(solution) Hi. I need to write reaction or reflection paper. I don't need to

(solution) Hi. I need to write reaction or reflection paper. I don't need to

Hi. I need to write reaction or reflection paper. I don’t need to write a summary about it.

You can briefly describe the topic in general but you are expected to critically assess a problem or solution within the reading and describe as reactions to or reflections of the reading. (good, bad, eye opening, questions you may have, etc.).

The majority of these reaction or reflection papers should focus on this.

This paper should be Two pages. Double spaced. 12-point Times New Roman font, 1 inch margins. It must be complete page in length.

INPERSPECTIVE DON?S CORNER by Betty MacLaughlin Frandsen, RN, NHA, MHA, CDONA/LTC, C-NE Hidden cameras N ewspaper headlines shocked readers
recently by declaring that 14 nursLong-term care facilities
ing home workers from one New
that keep the lines of
York facility near Albany were arrested and
communication open
charged with neglect. Eight others were arbetween residents and
rested in a Western New York nursing home.
families and that respect
These actions resulted from the use of hidden
their rights will go far in
cameras installed with consent of residents?
preventing abuse and
family members. Attorney General Andrew
other inappropriate actions
Cuomo reported conducting a six-week
concerning residents.
investigation using all necessary tools to watch
over the vulnerable who cannot advocate for
In the Albany area facility, hidden cameras revealed
the following: At a glance… ? Staff often left residents in the same position
for an entire shift, failing to turn and position an
immobile resident.
? Nurses failed to administer medication and
treat bed sores.
? Staff failed to check for incontinence or change
undergarments for long periods of time.
? Staff falsified medical records to conceal this
? A physician?s assistant created a false record of
an annual physical that was never performed. In all, six licensed practical nurses (LPNs) and
seven certi?ed nurse aides (CNAs) were charged
with felony ?rst-degree multiple counts of falsifying
business records and misdemeanor willful violation
of public health law. The physician?s assistant was
charged with one count.1
The Western New York investigation revealed
similar ?ndings:
? Staff routinely failed to properly transfer a
resident in and out of bed. Instead of using a
mechanical lift with assist of two caregivers, 48 ? JUNE 2010 they put the resident at risk of injury through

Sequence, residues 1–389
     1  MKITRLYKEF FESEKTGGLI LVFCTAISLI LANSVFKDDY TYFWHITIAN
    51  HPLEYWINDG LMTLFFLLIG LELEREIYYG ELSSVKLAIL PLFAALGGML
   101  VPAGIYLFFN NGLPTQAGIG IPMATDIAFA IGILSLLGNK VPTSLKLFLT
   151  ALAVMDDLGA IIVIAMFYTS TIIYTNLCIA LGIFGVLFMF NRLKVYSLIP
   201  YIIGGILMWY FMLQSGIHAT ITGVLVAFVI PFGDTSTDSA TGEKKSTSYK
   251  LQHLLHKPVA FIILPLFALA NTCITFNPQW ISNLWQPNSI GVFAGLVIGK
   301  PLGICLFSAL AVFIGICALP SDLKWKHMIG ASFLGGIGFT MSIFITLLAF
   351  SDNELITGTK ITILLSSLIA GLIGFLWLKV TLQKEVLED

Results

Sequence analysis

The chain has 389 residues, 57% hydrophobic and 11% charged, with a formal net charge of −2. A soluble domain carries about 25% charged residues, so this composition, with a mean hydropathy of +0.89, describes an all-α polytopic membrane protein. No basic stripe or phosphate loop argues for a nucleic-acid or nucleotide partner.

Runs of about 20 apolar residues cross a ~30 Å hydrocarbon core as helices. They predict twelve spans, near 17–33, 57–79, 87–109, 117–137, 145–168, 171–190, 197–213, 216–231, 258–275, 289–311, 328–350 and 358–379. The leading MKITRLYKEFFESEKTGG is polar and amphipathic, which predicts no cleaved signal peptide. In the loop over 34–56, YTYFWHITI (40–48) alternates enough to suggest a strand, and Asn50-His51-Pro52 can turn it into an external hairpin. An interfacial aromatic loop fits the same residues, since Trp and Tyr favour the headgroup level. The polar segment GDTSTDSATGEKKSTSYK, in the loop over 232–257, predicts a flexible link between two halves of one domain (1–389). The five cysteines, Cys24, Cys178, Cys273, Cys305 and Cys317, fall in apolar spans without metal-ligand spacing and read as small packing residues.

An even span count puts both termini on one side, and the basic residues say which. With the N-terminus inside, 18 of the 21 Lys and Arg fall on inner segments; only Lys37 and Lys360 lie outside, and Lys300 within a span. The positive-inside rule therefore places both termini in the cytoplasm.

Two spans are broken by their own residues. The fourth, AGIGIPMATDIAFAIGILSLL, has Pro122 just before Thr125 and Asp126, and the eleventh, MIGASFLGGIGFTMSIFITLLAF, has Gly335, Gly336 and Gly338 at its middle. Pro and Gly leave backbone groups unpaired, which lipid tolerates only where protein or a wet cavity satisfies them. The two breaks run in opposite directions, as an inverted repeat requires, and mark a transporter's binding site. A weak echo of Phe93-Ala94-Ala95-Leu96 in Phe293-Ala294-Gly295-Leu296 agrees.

other methods.
? One aide failed to provide range of motion
? Two LPNs failed to administer insulin, failed to
provide skin and wound treatment, and failed to
check vital signs.
? The employees falsified medical records to
conceal the neglect and mistreatment.1 Falsifying business records is a Class E felony
punishable by up to four years in prison. The other
charges are misdemeanors with varying maximum
prison terms of up to one year.1
INPERSPECTIVE While this ?sting? operation may catch
many by surprise, use of hidden cameras
and similar ?ndings are not new. Consider
these other cases:
? In Texas, first-degree felony abuse
charges were filed against a nurses?
aide captured by a hidden camera
striking a woman to get her out of her
wheelchair and then throwing her into
bed. The resident, paralyzed from a
stroke, also suffered from dementia. When the facility failed to act on
complaints from her husband, stating
the woman ?could not identify her
abuser,? he took action and installed
the camera.2
? In Ventura County, California, a family
noticed unexplained bruises on their
70-year-old loved one admitted to
the facility following a stroke. Family
notified administrators, but there was
no investigation. The family set up a
hidden camera and captured what
they could not believe. A CNA was
seen slapping the resident, violently
bending her fingers, wrists, and neck,
and pulling her by her hair. An investigation showed the nursing home
knew this was a problem employee.
Other families had complained of
suspected abuse, and one named the
CNA in writing, but she was allowed
to continue to work with residents.
The family was awarded $7.75 million
by a jury after facility owners refused
to settle out of court for $500,000.3
? In an Illinois nursing home, seven
patients were admitted who had
criminal backgrounds after the facility
failed to conduct background checks.
Two deaths resulted from neglect,
and cameras showed mentally ill patients were out of control and elderly
residents lived in fear. Two workers
and three patients were arrested,
and the administrator?s license was
suspended.4 to meet the needs of residents.
? Staff falsely documented that the
care was provided.
? Staff members intentionally abused
or neglected residents.
? Staff failed to report what they saw
others do or fail to do. ? Administration did not adequately
investigate family concerns. In each case, the installation of hidden
cameras was the vehicle by which neglect
and abuse was substantiated. In most of
the examples, family members ?rst tried In our examples several key things happened:
? Staff failed to provide care designed
to work with administration to gain resolution, but when they
perceived they were not heard, they resorted to other means.
None of us want to believe that our sta? could be involved
in neglect or abuse, but we must remain vigilant in overseeing